To many, the idea of a 30-story skyscraper made of wood is ludicrous. Such a building would be a match strike away from becoming a towering inferno and about as structurally sound as a Jenga tower, right? If you are envisioning a massive tower constructed of two-by-four framing like many stick-built homes you are probably correct. Of course these wooden skyscrapers, or “woodscrapers”, are being built using a building material stronger and more technologically advanced than your standard two-by-fours. Mass timber is a term used to describe a number of large engineered wood products that typically involve the lamination and compression of multiple layers to create solid panels of wood. Examples of mass timber include cross laminated timber, laminated strand lumber, laminated veneer lumber and glue-laminated timber.
Advocates of mass timber claim a number of benefits of its use over traditional steel and concrete for constructing tall buildings. If the timber is sourced responsibly it provides a completely sustainable and renewable building material. Carbon emissions from manufacturing mass timber products are a fraction of those created by the production of steel and concrete building materials. The production of steel and concrete products account for about 8 percent of global greenhouse gas emissions annually. By using lumber all of the CO2 absorbed during photosynthesis of the tree’s life remain trapped in the building product when using mass timber instead of creating more when using steel or concrete.
Mass timber has a natural tendency to char in a fire which slows the burning process and helps maintain structural integrity. The same thing happens when you throw a whole log on a fire and it takes forever to burn which is part of the reason people split their firewood. Mass timber’s resistance to fire can be further improved by encapsulating mass timber in gypsum board. Tests have shown that cross laminated timber can achieve a fire rating of three hours.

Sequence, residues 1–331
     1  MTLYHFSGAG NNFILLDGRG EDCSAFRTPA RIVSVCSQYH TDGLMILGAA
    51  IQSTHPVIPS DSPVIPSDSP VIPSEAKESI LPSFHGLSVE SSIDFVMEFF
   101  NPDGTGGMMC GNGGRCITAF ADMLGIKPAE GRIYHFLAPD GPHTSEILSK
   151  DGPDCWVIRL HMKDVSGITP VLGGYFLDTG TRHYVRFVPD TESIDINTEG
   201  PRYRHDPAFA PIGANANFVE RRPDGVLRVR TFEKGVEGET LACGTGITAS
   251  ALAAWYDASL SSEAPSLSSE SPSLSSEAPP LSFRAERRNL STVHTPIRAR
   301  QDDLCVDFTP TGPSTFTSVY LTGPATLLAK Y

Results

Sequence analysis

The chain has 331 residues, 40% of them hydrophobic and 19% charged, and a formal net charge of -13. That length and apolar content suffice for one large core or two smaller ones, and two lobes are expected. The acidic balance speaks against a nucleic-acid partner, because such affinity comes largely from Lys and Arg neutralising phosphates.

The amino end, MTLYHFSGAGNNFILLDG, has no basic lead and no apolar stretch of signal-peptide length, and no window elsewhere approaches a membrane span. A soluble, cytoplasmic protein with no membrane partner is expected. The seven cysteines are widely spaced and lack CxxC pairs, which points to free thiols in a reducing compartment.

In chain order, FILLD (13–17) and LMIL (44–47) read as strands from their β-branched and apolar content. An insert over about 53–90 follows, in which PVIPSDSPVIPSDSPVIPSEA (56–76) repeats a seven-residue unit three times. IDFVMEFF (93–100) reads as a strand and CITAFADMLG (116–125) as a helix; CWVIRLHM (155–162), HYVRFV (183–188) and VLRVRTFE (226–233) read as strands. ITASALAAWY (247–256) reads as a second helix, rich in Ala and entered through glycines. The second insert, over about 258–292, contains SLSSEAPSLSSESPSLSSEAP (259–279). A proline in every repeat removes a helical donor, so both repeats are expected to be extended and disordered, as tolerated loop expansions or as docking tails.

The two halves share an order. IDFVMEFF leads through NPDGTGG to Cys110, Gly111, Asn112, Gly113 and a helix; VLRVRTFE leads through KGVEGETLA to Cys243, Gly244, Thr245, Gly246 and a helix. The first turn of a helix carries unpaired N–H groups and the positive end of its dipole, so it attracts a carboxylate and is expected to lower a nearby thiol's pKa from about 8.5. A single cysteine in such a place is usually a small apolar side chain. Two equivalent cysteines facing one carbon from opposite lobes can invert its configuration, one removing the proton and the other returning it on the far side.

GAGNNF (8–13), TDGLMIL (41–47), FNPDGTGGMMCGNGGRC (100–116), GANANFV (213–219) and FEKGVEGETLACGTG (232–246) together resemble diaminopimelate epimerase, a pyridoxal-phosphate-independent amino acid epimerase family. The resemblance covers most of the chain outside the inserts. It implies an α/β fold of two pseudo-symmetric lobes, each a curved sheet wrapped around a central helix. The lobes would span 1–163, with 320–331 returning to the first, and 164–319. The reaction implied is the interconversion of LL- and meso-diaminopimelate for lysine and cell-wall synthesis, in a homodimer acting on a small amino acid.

Regular milled lumber is nowhere near as strong as steel and concrete whereas mass timber products have been proven to be as strong as or stronger than both steel and concrete. Mass timber products are also considerably lighter than concrete. The thermal performance of mass timber is also far superior to its steel and concrete counterparts which means lower heating and cooling costs.
Wooden skyscrapers are still in their infancy. Consider the Home Insurance Building built in 1884. It is considered the world’s first skyscraper and the first building to use structural steel in its frame and was only 10 stories tall. Wooden skyscrapers are currently at the same developmental stage that steel skyscrapers were at back at the turn of the 20th century. Current wooden skyscrapers are topping out at around 10 stories like the 10-story Forte Building in Melbourne, the 9-story Stadthaus in London and the 8-story H8 in Bad Aibling, Germany. And much in the same say that steel skyscrapers got progressively taller and taller there are already plans for taller and taller wooden skyscrapers.
Architect Michael Green has proposed and designed a 30-story wooden tower in Vancouver as well as designing the much smaller Wood Innovation Design Centre currently under construction. CF Møller has designed a 34-story wooden skyscraper that could eventually be built in Sweden and Michael Charters conceptualized the 40+ story Big Wood project in Chicago. The CF Møller project and the Big Wood project were both part of separate design competitions.
Now I don’t think we’ll ever see a wooden skyscraper that will rival the likes of the Burj Khalifa in Dubai which currently holds the title of world’s tallest skyscraper at 2,722 feet and 163 stories but I do think that one day wooden skyscrapers will command a large market in the future. This is provided that wooden buildings can be proven to be a viable alternative at 40 stories or more. Wooden skyscrapers and mass timber could be the ultimate eco-friendly alternative to their concrete and steel counterparts.